Sunday, 2 December 2018

More Than The Sum...


“Wholeness is the goal, but wholeness does not mean perfection.
It means embracing brokenness as an integral part of life.”
- Parker Palmer, Quaker Philosopher and Teacher

Now that “Heart & Soul: Two Men Tell Their Stories” has closed, it’s time to reflect on the exhibit and the impact it has had on my photography. Sharing this exhibit with my husband’s quilts was a peak experience – how gratifying it was to observe the show’s impact on dear friends and new acquaintances alike. It was not unusual to see people in tears, especially as they were contemplating Bill’s quilts.

Susan Holland, the gifted curator of the John M. Parrott Art Gallery, did a superb job of hanging the show. Her sense of colour, flow, and theme never ceases to impress me. She made the collection of Bill’s quilts and my photos look both simultaneously convergent and divergent.

Not too shabby at all.

The photo above, “More Than The Sum...”, garnered attention from adults and students alike. The image haunts me and compels me.

Here is the story behind the photo:

Regular readers of this blog know that I have a fascination with mannequins. My collection of mannequin photos continues to grow.

Which brings me to Labour Day Sunday of this year. Bill and I were driving in Prince Edward County and were just leaving Consecon. Suddenly, Bill stopped and turned the car around. “Just saw something you’ll want to check out.”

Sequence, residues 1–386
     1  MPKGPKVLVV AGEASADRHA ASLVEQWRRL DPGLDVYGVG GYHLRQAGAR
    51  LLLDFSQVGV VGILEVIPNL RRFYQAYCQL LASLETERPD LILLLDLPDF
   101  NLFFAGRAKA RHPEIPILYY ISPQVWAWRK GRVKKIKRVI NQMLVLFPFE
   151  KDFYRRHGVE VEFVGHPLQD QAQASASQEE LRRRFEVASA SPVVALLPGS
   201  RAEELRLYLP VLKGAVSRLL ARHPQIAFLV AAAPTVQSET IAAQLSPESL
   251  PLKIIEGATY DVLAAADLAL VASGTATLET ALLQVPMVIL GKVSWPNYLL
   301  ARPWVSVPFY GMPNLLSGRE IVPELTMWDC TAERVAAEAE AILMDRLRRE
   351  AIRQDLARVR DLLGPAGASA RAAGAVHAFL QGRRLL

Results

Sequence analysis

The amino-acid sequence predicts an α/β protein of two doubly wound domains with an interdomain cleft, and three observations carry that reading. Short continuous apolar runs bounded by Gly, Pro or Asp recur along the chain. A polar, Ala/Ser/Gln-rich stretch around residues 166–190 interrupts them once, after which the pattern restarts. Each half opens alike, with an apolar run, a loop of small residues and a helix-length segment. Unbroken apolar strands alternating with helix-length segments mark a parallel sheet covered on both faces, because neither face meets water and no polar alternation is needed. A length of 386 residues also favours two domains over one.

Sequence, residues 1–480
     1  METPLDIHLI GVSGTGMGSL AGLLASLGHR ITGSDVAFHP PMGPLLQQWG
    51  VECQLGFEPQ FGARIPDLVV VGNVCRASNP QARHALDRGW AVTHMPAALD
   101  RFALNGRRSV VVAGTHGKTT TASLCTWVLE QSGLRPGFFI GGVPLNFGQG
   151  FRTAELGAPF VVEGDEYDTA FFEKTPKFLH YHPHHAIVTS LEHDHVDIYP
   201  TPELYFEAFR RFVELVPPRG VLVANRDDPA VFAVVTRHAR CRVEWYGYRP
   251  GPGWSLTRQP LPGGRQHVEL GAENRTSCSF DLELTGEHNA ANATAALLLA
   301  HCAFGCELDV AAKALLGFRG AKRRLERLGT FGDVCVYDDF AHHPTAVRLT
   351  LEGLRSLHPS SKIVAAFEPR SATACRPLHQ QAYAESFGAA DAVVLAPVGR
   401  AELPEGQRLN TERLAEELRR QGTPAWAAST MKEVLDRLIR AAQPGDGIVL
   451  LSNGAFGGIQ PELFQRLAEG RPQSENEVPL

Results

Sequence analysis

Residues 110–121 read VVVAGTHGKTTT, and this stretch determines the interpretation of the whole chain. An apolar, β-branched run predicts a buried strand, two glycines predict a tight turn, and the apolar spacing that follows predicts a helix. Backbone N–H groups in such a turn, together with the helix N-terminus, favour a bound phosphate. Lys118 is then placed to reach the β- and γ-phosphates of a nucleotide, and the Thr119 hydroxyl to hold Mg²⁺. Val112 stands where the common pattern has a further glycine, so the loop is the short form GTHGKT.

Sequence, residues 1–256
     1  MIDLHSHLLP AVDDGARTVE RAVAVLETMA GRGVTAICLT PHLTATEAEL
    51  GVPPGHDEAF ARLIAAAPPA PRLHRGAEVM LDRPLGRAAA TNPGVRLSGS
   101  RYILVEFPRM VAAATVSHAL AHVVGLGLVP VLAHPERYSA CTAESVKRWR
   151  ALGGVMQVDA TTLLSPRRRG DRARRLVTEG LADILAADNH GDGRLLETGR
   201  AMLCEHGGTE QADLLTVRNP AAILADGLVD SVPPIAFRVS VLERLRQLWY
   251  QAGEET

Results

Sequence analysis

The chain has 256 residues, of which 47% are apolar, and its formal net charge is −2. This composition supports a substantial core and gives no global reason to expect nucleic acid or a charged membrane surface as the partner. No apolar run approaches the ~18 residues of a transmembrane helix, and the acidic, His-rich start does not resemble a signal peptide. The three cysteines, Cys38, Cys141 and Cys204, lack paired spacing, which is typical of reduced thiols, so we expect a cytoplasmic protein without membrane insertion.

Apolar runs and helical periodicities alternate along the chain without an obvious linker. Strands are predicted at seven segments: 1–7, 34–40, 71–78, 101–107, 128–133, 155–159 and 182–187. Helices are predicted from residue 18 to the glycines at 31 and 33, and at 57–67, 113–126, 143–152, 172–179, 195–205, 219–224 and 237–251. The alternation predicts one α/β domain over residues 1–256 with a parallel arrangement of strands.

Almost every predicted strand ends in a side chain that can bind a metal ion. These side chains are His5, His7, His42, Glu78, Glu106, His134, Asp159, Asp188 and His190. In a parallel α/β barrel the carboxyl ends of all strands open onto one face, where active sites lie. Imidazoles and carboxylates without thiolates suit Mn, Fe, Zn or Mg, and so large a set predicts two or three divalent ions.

And indeed I did...it was a yard filled with female mannequin parts, all spread out randomly. A woman was sitting in the middle of the mannequins, washing them.

The impact of seeing these mannequins was a gut punch. I teared up immediately – they reminded me of the haunting photos from Nazi concentration camps – grotesquely dismembered bodies, obscenely angled limbs, blankly vacant faces. I could barely speak.

Bill, thank goodness, had the presence of mind to start talking to the woman who was washing the mannequins. It turns out she is Janet Battaglio, a talented Consecon artist who had bought the mannequins with an eye to using them in her art. She is also a fabric dyer, so she and Bill adjourned to her studio while I photographed the mannequins, with Janet’s permission.

My tears continued, as did the eerie silence that had fallen over the yard. I don’t know how long I spent photographing that afternoon, but the experience felt sacred – as if by recording these images, I had been given the responsibility of witnessing. Because for me, these mannequins were symbolic of women’s suffering in our culture: the hateful violence; the literal and figurative dismemberment; the profound anguish.

I dedicated 24 years of my teaching career to the education of young women, during which time my awareness of the brutalization of women in our culture became embedded in my soul. Photographing these mannequins became an act of testimony for me – my way of saying, “Look at this! It must stop!”

And then I saw her – the mannequin pictured above. One of the few that was actually sitting up. The look on her face told me she would prevail. Yes, she was wounded. Yes – unlike so many others – she had survived. And, yes, she would never let what had happened be forgotten.

This photograph takes my breath away. I am gratified it has found a home in Toronto, where its impact will continue.